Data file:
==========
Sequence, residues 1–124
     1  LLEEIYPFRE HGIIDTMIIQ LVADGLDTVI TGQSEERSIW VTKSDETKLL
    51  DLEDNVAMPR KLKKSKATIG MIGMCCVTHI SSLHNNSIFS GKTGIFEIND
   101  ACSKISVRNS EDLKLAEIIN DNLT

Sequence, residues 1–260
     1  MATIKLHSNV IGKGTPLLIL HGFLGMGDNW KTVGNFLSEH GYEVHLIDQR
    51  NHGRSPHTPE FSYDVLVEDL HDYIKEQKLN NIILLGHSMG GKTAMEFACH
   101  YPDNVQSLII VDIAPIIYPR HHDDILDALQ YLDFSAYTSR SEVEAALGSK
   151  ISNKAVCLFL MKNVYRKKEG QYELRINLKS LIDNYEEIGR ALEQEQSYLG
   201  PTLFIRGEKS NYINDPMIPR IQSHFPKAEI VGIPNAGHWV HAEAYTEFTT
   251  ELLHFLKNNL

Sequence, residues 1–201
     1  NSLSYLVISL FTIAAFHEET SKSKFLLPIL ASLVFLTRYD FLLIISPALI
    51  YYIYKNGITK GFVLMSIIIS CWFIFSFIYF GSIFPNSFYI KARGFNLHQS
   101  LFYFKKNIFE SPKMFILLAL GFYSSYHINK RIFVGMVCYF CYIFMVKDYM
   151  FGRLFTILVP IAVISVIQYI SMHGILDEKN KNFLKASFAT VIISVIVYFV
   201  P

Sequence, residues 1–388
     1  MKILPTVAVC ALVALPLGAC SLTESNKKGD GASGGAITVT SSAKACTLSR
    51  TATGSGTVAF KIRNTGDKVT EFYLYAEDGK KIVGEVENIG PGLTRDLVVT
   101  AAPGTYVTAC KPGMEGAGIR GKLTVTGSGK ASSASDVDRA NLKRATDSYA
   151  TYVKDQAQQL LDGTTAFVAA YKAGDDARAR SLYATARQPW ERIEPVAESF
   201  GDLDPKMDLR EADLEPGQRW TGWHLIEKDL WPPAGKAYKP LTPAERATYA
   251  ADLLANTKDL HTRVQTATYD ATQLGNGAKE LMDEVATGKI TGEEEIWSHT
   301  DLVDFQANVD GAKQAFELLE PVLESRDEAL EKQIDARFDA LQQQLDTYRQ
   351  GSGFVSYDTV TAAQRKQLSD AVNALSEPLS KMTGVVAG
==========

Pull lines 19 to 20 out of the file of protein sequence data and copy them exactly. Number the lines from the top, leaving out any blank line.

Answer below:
     1  MKILPTVAVC ALVALPLGAC SLTESNKKGD GASGGAITVT SSAKACTLSR
    51  TATGSGTVAF KIRNTGDKVT EFYLYAEDGK KIVGEVENIG PGLTRDLVVT